Donna Galluzzo was a LearningWorks board member from 1999 to 2006. During that time, she held every position on the executive committee as our Secretary, Treasurer, Vice President, and President. Her time as a board member significantly shaped who we are today. Currently, she is the executive director of the Frannie Peabody Center in Portland.
Donna has a deep history in education, community work, and documentary studies. Fortunately for us, she happened to be in a graduate class at the Muskie School with a LearningWorks board member who recruited her to join the board while working toward her Masters in adult education and community development. Throughout her time on the board, her photography skills captured many of our graduation ceremonies, public events, and programs in action. Her generosity helped LearningWorks grow and thrive, and it made an impact on her too. She says, “I learned so much about the role and impact a community based organization has on a neighborhood, a culture, and the generations of residents it serves. I was inspired by the activist roots in LearningWorks’ past, and I learned how to be a better board member and a better executive director through my experiences there.”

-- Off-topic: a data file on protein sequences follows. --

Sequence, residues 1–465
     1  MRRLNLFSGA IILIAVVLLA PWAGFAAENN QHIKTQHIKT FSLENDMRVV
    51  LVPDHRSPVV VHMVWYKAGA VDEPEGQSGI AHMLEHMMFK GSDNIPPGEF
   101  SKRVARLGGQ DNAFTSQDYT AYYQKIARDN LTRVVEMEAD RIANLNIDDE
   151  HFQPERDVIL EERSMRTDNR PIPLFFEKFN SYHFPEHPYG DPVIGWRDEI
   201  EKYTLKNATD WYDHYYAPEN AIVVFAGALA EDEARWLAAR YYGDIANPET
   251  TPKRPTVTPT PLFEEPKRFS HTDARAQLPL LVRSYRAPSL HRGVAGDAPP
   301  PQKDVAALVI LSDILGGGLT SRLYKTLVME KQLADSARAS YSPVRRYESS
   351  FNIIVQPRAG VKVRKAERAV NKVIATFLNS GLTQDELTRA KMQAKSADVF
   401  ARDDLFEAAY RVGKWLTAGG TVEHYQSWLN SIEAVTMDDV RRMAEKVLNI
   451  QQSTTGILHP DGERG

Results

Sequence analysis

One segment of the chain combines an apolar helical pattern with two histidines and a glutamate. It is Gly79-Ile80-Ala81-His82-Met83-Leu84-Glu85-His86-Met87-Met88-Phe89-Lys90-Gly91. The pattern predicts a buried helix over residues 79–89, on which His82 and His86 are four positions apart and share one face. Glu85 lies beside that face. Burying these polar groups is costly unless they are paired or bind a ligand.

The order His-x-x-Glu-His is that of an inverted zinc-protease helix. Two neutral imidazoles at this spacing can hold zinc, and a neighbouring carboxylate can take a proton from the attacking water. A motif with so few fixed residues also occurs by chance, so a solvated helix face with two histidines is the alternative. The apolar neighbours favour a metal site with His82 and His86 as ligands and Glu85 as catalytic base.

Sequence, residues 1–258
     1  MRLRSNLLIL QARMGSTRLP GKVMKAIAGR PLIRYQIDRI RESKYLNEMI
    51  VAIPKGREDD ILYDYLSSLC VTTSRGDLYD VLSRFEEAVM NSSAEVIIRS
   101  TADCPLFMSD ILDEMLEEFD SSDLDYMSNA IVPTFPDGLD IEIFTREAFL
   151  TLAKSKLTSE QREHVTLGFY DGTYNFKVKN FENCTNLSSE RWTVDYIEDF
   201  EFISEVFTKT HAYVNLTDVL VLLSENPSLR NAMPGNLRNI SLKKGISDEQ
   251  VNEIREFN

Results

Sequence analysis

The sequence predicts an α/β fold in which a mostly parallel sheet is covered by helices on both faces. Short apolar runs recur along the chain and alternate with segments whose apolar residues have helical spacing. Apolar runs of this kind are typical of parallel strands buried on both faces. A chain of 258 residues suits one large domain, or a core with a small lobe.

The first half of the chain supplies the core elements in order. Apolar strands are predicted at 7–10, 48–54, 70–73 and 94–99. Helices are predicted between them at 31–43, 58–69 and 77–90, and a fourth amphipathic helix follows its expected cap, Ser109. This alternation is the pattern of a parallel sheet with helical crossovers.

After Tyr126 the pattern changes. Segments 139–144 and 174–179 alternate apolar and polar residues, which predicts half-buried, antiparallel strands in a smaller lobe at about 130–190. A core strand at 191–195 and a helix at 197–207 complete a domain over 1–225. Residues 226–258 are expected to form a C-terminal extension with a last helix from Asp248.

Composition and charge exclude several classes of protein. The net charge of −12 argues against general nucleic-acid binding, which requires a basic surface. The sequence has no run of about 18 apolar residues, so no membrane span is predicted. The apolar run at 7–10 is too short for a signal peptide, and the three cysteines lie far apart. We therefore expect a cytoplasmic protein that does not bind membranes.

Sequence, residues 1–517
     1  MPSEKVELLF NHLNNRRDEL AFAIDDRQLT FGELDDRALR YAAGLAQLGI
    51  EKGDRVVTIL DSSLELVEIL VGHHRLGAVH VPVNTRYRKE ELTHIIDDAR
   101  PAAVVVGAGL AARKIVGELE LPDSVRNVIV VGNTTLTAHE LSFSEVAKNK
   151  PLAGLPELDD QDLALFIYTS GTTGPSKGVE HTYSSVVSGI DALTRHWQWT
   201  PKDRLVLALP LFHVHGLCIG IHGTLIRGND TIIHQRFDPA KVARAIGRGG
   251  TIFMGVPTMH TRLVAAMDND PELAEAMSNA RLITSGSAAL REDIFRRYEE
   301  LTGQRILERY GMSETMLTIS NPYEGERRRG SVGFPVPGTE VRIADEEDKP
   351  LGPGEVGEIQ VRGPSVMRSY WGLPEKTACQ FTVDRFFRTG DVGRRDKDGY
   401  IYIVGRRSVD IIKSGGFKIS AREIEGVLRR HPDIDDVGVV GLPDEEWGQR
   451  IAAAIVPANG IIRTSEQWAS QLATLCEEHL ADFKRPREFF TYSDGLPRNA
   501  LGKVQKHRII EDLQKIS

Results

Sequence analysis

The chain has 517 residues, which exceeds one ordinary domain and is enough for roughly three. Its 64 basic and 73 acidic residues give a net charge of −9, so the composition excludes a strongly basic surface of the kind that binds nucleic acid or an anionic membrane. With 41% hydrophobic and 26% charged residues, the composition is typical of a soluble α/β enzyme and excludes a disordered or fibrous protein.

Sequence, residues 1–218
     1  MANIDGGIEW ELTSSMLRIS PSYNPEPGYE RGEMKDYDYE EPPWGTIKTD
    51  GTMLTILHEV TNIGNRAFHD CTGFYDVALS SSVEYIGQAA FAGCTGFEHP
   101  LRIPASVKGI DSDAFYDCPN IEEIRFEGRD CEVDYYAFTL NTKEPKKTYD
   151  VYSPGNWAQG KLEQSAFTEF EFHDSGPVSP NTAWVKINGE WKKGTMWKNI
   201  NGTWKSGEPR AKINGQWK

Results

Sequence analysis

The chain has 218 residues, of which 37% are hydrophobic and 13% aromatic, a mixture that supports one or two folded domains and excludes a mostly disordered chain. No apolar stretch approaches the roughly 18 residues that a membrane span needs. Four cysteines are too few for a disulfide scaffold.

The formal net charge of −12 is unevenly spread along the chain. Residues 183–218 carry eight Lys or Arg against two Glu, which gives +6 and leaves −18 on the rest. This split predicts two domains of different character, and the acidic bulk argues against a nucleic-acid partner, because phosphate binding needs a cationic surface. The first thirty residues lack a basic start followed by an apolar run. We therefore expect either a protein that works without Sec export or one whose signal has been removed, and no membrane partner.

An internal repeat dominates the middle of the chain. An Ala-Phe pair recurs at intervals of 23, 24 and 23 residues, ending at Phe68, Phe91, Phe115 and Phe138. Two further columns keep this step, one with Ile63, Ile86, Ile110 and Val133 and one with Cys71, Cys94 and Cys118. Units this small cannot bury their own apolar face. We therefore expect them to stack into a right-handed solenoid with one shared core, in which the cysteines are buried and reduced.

Thinking back on how LearningWorks has made an impact on our community in its 50 years, Donna spoke about how the organization “has been a beacon to the neighborhood. It’s a place that people can wander into for companionship, help, growth opportunities; it shows that the neighborhood has a heart and a strong, caring soul.” Looking to the future, Donna can imagine LearningWorks building on its strong foundation and continuing to grow, partnering with other local and statewide organizations, while maintaining a special connection to the neighborhood where it all started. “As the demographics of the peninsula and our west end neighborhood change, integrating old and new residents in a way that fosters community, trust, and camaraderie” is something she – and all of us at LearningWorks – hope for.
Courtesy – Molly Haley Photography